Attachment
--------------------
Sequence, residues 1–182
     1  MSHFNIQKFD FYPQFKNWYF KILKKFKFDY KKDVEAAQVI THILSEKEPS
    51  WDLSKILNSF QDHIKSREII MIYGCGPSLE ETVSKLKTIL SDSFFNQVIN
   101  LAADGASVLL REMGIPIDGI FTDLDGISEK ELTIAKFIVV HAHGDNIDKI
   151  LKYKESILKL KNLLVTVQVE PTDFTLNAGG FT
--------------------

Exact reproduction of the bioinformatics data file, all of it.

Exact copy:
Sequence, residues 1–182
     1  MSHFNIQKFD FYPQFKNWYF KILKKFKFDY KKDVEAAQVI THILSEKEPS
    51  WDLSKILNSF QDHIKSREII MIYGCGPSLE ETVSKLKTIL SDSFFNQVIN
   101  LAADGASVLL REMGIPIDGI FTDLDGISEK ELTIAKFIVV HAHGDNIDKI
   151  LKYKESILKL KNLLVTVQVE PTDFTLNAGG FT